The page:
Sep 02 2014

Marker unveils the Kingpin


Marker's Kingpin. 2-pin toes, lateral release at the heel.

Marker’s Kingpin. 2-pin toes, lateral release at the heel.

The rumors of a new 2-pin tech binding from Marker have laid dormant until about two months ago when I caught wind of a junket in Chili to introduce the binding to the world. Very soon I realized threats to job security among people “in the know” must have been very strong as nobody who knew anything would say so much as boo.

Nontheless I did wrangle one detail out of an unsuspecting “insider” that the new binding would not latch in to the heel using the classic pair of spring bars on every other pintech binding, but hold down the heel like a regular alpine binding. This inevitably led to speculation that lateral release would come from the heel rotating ala a Tyrolia binding, which it does.
Keep earning your turns

Sep 01 2014

Review: Fischer’s Hannibal BC Ski

Dostie and I ran into each other walking dogs at dusk the other night. No, he’s not my alter ego, rather, my cousin, Jeff Dostie. We both happen to love backcountry skiing, work at ski shops, and purely by chance, live in the same neighborhood. We don’t agree on skin track strategies but we do agree that light weight skis are not as versatile as heavier skis. Of course, for the backcountry some compromise should be accepted. In our experience, when a ski drops to less than eight pounds per pair it’s difficult to maintain dampness and consequently, hold an edge on hard snow.

Fischer's Hannibal 2014 131-100-117 • 6½ pr

Fischer’s Hannibal 2014 — 131-100-117 x 180±10 cm • 6½ lbs./pr.

This season’s crop of lightweight fatties, however, is pushing that weight threshold closer to seven pounds and one of the better examples is Fischer’s Hannibal which clocks in at 3¼ pounds per ski (6½ lbs/pr). That’s light enough to suggest they can’t handle hard or heavy snow, but on groomers and velvety corn they’re awesome. Reality check; that isn’t versatile enough for serious consideration unless they can handle difficult snow too.
Keep earning your turns

Aug 25 2014

Review: Scott-Sport’s Synergy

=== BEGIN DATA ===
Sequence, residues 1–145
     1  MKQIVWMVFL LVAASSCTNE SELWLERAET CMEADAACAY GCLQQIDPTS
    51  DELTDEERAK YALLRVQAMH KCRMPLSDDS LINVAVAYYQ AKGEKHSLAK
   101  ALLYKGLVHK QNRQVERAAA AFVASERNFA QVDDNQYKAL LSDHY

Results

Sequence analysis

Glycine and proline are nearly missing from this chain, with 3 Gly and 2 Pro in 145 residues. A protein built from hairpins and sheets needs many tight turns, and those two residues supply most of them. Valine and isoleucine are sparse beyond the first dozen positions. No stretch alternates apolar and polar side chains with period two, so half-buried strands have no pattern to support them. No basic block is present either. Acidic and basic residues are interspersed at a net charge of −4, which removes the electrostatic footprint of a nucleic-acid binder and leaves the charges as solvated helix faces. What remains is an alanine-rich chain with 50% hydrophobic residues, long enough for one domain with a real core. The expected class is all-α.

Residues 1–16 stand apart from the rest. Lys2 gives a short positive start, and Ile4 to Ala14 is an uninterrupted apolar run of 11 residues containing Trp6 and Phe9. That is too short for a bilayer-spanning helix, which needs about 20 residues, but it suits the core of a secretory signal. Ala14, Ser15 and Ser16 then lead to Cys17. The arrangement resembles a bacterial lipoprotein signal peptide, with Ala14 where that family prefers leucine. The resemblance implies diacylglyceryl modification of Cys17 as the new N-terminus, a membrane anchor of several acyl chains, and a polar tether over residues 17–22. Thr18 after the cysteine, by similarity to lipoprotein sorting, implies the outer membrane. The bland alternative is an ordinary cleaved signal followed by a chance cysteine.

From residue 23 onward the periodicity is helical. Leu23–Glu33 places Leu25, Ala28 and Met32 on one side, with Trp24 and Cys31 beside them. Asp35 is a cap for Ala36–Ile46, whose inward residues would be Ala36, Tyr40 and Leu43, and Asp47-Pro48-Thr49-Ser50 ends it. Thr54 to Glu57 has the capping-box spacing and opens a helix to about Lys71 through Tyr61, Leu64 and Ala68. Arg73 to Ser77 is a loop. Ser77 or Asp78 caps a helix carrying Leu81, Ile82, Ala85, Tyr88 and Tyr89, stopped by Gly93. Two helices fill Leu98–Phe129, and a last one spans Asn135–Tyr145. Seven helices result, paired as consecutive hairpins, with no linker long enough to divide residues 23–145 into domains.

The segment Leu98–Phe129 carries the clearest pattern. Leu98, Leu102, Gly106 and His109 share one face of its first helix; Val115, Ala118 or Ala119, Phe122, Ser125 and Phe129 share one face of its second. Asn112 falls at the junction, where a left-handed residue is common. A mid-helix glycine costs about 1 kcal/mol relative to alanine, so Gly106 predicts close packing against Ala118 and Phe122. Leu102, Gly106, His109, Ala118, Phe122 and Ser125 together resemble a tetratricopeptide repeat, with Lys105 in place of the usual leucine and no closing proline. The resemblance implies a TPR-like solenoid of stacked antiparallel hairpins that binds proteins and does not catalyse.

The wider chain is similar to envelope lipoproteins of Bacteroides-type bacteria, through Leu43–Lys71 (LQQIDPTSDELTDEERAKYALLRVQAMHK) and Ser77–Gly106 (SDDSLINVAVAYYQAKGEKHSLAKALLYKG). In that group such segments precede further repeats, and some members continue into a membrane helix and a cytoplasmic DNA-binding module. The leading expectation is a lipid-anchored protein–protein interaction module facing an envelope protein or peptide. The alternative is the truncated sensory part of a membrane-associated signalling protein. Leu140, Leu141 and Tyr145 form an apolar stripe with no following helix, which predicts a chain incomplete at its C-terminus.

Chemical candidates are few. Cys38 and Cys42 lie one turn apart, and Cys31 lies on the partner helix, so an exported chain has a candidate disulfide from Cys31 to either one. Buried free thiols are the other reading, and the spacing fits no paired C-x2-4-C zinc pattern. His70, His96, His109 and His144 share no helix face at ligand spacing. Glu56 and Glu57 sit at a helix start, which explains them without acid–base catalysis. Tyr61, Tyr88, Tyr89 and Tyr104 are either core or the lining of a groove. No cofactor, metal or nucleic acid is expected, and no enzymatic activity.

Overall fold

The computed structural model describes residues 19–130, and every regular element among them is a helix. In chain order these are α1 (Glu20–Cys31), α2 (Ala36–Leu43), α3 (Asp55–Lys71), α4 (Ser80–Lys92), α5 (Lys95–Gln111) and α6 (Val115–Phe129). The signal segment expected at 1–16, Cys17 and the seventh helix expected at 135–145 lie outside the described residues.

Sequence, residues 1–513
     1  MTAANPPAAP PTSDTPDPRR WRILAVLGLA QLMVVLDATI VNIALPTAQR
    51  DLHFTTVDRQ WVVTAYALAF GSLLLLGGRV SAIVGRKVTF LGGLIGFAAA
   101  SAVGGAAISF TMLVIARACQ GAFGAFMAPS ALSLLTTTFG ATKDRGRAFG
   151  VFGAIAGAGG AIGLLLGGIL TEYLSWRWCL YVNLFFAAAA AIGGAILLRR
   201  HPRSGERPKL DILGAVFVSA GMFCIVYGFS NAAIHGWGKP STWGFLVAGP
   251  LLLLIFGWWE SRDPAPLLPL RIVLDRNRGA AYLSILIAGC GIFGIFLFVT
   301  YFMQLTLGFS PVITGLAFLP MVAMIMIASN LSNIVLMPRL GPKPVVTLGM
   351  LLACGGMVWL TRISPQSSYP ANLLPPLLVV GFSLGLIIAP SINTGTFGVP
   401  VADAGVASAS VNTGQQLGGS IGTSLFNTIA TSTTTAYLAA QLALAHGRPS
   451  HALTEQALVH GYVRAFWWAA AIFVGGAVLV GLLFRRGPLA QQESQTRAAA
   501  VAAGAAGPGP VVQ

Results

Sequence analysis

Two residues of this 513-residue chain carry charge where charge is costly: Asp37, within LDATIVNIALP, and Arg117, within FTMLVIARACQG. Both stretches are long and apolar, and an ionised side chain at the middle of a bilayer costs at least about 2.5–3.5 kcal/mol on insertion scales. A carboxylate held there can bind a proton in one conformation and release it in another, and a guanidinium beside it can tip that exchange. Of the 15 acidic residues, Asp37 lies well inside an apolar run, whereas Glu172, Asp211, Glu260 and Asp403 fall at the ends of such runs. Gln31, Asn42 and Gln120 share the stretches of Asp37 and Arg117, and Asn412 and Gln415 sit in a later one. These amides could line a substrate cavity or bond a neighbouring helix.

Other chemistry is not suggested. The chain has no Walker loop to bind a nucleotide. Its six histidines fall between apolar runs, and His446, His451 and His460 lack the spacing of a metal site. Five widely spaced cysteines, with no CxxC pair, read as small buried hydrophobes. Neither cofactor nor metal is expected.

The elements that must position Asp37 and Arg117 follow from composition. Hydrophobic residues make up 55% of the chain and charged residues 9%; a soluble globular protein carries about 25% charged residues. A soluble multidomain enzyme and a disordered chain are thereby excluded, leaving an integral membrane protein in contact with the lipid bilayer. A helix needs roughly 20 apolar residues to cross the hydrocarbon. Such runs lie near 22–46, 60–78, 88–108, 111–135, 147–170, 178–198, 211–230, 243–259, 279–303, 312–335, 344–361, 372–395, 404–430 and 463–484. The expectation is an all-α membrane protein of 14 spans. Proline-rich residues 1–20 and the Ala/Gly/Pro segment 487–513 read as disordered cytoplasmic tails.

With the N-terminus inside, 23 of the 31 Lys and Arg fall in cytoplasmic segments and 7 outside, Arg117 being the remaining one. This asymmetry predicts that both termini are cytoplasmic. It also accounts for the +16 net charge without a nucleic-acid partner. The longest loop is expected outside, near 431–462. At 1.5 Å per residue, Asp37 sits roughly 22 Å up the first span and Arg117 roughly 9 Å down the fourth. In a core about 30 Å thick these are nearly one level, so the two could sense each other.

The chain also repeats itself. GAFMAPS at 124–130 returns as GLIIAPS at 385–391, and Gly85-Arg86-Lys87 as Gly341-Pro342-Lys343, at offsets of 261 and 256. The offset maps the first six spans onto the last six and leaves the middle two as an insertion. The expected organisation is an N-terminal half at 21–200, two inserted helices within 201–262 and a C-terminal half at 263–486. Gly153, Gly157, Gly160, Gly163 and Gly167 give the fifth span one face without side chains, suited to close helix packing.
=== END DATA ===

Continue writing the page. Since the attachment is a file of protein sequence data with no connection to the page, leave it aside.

Scott Sport's Synergy. Best new tele boot for 2014.  Only new duckbilled boot.

Scott Synergy. Best/only new tele boot for 2014.

The best new 75mm telemark boot to come out this season is Scott Sports’ Synergy. It is also the only new plastic telemark boot design to be created for the duckbilled Nordic Norm in the last five years.

Three years ago Garmont gave up on the ski market and sold their ski boot assets to Scott Sports. Sales had been dwindling steadily since 2006 when Garmont abandoned their traditional last shape and adopted a narrower last. Former customers who counted on the wide lasted boots were forced away and new customers did not replace them. There aren’t a lot of extra frills for this boot, but there aren’t many missing features either.
Keep earning your turns

Aug 23 2014

Some boots incompatible with Dynafit Beast


The Beast goes on a diet. DIN 14 and still with angular movement at the toe.

Dynafit’s Beast 14.

Dynafit sent out a notice recently announcing a few models of boots that are known to be incompatible with their Beast binding, both the 16 and 14 DIN models. The Beast features a rotating toe unit and the heel unit requires a special after market Power Insert that covers the top of the boot heel.

The potential for this new heel insert to not work with boot brands other than Dynafit was a source of early criticism by boot manufacturers. It is possible the number of boots that exhibit problems working correctly with the Beast is larger than this notice indicates, but these incompatiblities can serve as examples of things to look for with other boot models.
Keep earning your turns

Aug 21 2014

Powderwhore’s ‘Some Thing Else’

Ten years. That’s how long Noah Howell and the Powderwhore’s have been producing ski movies. The first few were fueled purely by enthusiasm. The latest few have added some editing and video skill to the mix.

Here’s a trailer for this year’s ski porn:

Keep earning your turns

Aug 19 2014

First Look: JetBoil MiniMo


Jet Boil's new MiniMo.

Jet Boil’s new MiniMo.

JetBoil has dominated the stove market lately, but their competitors have been able to poke holes in their dominance by simply pointing out a few of their shortcomings. To be sure, the convenience of the JetBoil system is hard to beat. Perhaps better still, their dominance is visible so there’s an unspoken but strong endorsement at a level that gives new customers assurance.

Still, when you actually use a JetBoil you notice the imperfections. For instance, even if you can set the flame to approximate a simmer setting, to do so requires constant adjusting as the pressure inside the can changes. Annoying but bearable. Then, when it’s time to pour the hot water, or start spooning the meal du jour, you realize that the cozy may insulate and keep the heat in, but it isn’t quite thick enough to insulate your hands from the same heat. Depending on ambient air temps, that may or may not be a good thing. Good on a ski tour not on a summer hike. And spooning from a deep pot, well, that’s possible but not optimal.

What’s a dirtbag to do? You could look more closely at a competitor, or you could check out the new Mini-Mo from JetBoil. Afterall, the original wasn’t bad, but it could be better. The MiniMo cures what ails the classic JetBoil package.
Keep earning your turns

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